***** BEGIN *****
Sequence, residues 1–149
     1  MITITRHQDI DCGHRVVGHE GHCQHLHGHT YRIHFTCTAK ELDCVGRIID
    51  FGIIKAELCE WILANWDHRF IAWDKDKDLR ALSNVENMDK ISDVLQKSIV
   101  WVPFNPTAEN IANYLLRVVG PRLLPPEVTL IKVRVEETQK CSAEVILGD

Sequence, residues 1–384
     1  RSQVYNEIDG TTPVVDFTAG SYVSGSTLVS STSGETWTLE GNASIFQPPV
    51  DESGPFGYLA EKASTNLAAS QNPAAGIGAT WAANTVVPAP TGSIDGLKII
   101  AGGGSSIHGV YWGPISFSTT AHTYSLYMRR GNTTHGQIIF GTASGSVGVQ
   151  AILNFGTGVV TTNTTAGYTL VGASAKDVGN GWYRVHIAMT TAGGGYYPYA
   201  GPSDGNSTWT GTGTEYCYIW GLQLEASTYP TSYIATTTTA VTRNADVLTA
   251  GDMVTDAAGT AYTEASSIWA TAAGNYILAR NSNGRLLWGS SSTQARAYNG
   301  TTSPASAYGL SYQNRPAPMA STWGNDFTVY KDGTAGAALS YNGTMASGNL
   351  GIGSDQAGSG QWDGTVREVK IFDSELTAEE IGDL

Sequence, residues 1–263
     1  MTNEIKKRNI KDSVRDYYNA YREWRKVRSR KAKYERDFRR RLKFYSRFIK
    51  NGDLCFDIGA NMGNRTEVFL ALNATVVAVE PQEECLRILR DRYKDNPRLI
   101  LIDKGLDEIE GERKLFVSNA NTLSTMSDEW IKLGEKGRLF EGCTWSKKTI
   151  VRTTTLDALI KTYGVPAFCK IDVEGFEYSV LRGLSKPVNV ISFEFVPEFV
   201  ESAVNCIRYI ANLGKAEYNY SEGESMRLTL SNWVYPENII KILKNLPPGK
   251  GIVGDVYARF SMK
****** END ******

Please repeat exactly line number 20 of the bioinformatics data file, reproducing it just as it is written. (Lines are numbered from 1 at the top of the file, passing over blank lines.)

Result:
   251  GIVGDVYARF SMK